BERLIN/FRANKFURT (Reuters) - Germany will protect domestic firms from foreign takeovers, two leading politicians said on Friday, after company valuations in Europe’s largest economy have been hammered by the coronavirus pandemic.
Ministers have already promised liquidity support to businesses and introduced measures making it easier to reduce working hours rather than lay off workers.
The cabinet is due to decide on further support measures on Monday, when a government source said it would back a supplementary budget worth around 150 billion euros ($161.18 billion).
Germany’s blue-chip DAX index .GDAXI, which comprises the country’s 30 largest listed corporations, has plunged more than a third over the past month as the coronavirus outbreak has brought several economies to a near standstill.
This has increased the risk of foreign companies snapping up rivals at a discount.
“We will avoid a sell-out of German economic and industrial concerns. There cannot be any taboos. Temporary and limited state support as well as participations and takeovers need to be possible,” Economy Minister Peter Altmaier said.
Markus Soeder, state premier of Bavaria, where heavyweights such as Siemens (SIEGn.DE) and BMW (BMWG.DE) are based, said all legal options should be explored to block potential bids for German companies.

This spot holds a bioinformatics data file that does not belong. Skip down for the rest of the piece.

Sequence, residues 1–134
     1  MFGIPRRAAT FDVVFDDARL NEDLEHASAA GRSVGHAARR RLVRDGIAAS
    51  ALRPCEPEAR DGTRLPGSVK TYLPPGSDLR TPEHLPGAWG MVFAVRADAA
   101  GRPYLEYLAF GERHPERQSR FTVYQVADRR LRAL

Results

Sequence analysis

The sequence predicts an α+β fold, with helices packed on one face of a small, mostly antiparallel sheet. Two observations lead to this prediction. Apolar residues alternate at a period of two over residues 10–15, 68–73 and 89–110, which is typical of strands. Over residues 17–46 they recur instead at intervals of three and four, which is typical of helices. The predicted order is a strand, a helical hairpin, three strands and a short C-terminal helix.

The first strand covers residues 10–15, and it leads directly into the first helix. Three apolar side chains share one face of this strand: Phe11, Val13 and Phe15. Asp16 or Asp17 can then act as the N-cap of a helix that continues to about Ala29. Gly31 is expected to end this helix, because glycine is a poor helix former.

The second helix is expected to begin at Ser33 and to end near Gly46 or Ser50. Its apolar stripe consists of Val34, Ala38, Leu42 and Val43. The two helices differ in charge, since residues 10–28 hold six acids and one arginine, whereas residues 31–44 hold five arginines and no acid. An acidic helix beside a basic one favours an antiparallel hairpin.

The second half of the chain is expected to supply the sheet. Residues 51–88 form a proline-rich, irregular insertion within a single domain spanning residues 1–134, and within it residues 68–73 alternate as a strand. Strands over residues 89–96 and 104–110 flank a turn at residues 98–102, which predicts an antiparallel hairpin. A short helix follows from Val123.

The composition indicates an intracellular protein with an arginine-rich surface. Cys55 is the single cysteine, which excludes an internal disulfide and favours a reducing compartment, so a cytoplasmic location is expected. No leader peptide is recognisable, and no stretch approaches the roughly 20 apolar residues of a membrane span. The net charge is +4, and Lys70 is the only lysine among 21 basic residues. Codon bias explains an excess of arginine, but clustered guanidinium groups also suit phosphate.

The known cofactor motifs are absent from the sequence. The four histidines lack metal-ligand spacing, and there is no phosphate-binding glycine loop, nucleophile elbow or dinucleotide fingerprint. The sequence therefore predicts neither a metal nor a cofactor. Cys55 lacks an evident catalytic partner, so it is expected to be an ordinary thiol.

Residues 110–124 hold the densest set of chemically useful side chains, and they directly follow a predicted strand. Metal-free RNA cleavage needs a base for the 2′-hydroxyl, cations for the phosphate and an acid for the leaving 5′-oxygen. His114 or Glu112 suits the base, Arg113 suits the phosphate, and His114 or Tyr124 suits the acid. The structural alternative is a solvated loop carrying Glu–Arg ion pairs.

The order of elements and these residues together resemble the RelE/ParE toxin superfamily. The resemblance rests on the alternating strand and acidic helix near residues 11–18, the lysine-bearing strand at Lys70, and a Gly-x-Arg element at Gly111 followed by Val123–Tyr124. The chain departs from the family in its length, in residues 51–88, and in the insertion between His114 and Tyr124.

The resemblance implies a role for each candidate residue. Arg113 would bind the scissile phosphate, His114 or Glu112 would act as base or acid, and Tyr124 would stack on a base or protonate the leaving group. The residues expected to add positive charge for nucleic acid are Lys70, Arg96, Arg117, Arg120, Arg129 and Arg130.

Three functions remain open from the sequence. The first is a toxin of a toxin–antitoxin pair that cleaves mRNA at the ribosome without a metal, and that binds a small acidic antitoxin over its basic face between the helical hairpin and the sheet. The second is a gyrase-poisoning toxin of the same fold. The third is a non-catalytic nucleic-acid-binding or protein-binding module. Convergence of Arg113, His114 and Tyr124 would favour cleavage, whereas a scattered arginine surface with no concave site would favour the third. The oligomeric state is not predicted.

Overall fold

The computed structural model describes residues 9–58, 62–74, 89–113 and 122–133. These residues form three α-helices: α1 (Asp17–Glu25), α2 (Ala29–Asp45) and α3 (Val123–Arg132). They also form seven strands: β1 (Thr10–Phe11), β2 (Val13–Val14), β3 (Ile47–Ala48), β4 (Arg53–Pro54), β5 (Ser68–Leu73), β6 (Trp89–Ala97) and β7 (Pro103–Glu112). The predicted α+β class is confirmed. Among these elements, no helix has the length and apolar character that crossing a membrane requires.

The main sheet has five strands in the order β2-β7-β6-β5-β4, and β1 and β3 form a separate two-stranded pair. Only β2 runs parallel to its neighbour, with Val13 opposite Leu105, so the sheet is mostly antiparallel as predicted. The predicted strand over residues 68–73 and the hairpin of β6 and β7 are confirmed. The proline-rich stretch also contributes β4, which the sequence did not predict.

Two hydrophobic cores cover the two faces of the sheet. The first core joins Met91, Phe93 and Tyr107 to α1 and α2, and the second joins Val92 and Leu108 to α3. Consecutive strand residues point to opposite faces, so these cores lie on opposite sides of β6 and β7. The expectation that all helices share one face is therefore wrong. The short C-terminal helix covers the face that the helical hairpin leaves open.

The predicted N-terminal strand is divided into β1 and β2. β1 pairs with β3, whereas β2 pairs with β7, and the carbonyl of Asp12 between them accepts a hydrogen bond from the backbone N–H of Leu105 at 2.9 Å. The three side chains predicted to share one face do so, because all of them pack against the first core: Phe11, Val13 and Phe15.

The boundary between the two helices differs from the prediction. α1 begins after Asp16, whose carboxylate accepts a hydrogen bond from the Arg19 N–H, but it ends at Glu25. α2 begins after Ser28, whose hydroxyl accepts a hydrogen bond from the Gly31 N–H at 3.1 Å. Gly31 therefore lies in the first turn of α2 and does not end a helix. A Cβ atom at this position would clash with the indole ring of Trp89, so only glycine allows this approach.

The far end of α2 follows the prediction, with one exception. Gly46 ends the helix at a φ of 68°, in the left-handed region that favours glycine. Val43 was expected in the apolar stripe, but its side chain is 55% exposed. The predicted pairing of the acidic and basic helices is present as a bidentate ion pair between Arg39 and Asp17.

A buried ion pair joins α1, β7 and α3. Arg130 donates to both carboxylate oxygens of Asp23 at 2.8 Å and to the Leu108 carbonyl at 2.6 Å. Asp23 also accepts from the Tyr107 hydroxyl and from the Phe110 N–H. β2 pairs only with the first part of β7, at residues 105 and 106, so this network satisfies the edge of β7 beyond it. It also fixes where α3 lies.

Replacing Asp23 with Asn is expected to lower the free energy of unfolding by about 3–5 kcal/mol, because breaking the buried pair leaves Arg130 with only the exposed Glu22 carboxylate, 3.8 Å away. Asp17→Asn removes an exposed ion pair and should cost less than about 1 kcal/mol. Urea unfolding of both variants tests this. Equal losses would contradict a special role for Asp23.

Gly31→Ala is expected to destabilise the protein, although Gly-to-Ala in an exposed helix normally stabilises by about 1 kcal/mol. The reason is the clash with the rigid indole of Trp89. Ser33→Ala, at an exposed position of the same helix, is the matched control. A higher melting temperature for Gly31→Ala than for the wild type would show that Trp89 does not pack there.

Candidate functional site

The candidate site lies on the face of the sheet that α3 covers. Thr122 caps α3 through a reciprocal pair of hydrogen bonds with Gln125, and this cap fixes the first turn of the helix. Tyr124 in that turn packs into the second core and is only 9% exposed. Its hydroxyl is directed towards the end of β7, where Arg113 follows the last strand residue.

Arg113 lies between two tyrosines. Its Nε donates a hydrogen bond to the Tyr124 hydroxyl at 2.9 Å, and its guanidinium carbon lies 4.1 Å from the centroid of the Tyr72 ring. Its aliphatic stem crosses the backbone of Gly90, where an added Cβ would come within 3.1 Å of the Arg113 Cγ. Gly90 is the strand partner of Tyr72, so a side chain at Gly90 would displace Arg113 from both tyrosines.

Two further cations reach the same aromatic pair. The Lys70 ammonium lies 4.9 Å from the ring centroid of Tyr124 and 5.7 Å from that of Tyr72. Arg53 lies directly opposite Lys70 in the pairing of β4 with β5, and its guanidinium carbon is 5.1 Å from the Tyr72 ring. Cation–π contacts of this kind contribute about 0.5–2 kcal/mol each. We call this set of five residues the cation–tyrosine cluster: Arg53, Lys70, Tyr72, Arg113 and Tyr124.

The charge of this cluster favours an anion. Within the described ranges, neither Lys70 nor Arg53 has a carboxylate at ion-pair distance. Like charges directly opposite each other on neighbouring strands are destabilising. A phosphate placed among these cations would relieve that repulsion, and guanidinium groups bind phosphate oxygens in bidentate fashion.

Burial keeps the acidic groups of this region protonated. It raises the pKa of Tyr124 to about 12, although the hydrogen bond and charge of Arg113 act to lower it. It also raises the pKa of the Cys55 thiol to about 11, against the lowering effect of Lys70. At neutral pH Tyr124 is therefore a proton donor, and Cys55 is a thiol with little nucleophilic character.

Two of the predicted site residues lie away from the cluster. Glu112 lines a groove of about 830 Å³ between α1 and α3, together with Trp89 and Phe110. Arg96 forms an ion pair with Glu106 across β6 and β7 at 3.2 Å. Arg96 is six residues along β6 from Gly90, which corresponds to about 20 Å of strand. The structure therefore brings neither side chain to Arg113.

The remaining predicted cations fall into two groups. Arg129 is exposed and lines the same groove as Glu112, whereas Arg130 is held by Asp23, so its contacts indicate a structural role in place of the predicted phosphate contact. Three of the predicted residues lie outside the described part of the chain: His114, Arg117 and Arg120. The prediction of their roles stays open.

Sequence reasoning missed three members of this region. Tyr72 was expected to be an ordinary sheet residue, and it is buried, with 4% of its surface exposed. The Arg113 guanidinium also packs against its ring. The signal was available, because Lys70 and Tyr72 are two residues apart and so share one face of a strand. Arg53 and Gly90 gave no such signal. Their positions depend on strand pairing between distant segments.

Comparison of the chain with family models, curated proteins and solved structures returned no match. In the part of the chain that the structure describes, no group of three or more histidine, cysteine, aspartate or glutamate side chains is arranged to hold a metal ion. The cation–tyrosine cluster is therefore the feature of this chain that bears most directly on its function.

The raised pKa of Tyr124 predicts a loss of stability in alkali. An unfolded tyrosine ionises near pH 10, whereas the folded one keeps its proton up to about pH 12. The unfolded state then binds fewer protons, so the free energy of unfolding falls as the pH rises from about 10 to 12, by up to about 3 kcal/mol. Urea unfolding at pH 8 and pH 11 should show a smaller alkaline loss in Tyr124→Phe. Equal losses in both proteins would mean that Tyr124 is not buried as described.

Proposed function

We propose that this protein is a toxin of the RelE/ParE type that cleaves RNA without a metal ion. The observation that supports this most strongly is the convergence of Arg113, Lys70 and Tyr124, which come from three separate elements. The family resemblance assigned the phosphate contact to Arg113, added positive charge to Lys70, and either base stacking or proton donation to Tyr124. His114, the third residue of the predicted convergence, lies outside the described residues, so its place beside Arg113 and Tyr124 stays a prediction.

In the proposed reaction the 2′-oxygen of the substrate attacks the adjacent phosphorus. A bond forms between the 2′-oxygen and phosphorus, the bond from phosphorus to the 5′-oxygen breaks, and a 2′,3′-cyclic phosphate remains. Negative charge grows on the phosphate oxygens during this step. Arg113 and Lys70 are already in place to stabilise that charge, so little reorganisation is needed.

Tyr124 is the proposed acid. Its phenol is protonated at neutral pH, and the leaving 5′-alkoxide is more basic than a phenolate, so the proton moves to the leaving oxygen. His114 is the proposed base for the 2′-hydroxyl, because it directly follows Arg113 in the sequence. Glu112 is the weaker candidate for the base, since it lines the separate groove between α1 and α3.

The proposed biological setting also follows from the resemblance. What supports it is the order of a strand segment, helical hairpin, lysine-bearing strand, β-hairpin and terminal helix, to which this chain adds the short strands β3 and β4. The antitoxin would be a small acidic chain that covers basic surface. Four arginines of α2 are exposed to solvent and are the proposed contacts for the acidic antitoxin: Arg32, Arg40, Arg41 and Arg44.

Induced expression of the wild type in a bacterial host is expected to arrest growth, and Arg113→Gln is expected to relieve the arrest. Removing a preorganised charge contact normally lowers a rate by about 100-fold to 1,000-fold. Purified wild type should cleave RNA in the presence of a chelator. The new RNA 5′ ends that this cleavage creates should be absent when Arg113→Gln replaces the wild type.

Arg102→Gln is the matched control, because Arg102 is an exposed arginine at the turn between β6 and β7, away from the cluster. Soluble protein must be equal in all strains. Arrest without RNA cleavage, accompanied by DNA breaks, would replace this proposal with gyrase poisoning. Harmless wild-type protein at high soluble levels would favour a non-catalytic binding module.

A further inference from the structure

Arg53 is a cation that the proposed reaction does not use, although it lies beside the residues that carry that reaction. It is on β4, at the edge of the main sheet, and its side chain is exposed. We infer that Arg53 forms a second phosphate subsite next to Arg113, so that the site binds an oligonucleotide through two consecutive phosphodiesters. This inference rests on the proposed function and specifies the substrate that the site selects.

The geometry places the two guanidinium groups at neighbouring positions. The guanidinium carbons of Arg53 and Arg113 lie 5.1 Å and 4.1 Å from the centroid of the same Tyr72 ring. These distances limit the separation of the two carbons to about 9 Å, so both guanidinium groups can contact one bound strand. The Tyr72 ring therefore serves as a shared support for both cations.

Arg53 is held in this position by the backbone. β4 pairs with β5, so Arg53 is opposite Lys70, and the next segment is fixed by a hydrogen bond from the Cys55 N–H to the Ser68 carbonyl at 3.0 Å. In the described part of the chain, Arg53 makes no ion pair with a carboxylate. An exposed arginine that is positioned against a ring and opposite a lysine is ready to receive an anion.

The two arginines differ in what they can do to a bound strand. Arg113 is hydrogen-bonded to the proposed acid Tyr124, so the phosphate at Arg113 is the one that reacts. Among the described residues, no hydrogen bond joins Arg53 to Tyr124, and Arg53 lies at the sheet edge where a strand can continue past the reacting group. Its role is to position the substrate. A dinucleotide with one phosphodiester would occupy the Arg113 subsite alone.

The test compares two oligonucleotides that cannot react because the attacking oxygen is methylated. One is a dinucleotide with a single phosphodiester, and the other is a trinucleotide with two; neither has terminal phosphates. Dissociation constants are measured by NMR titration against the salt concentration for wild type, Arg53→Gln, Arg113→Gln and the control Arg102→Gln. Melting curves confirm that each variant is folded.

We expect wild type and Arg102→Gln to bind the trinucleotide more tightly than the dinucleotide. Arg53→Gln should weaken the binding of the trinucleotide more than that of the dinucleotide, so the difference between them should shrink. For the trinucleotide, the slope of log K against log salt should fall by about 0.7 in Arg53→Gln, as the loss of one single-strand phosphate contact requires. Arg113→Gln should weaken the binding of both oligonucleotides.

“If most of Bavaria’s and Germany’s economy ends up in foreign hands once this crisis is over ... then it’s not only a health crisis but a profound alteration of the global economic order,” he said.
“We need to brace ourselves for that.”
German magazine Der Spiegel reported on Friday that Berlin was considering a half-trillion-euro fund to support companies thrown into payments difficulties by the coronavirus crisis, which would be able to guarantee liabilities or even inject capital when needed.
The plan is one of several being considered by officials as the government puts together a rescue package intended to keep the short-term havoc wrought by shutting down the economy from becoming a rout, an official told Reuters.
One option is a 40-50 billion-euro ($43-$54 billion) “solidarity” fund for the self-employed and businesses with fewer than 10 employees, which could help them buy materials, pay rents and meet leasing payments. The details for this program are due to be thrashed out over the weekend.
The roughly 500 billion-euro fund first reported by Der Spiegel is modeled on the 480 billion-euro Special Fund for Market Stabilisation that the government set up to support banks at the time of the financial crisis.
The government is prepared to revive that fund if banks get into difficulties, Der Spiegel said.
The finance ministry is currently considering direct support programs to a value of around 180 billion euros, the magazine said, adding that sum might be increased to 700 billion euros.
Airline Lufthansa (LHAG.DE), which has been particularly badly hit, said on Thursday it would seek state help if the crisis persisted, adding this was not yet the case.
German investor Heinz Hermann Thiele has increased his stake in Lufthansa to 10%, a regulatory filing showed on Friday.
Additional reporting by Christian Kraemer, Holger Hansen and Scot Stevenson; Editing by Larry King, Mark Potter and Louise Heavens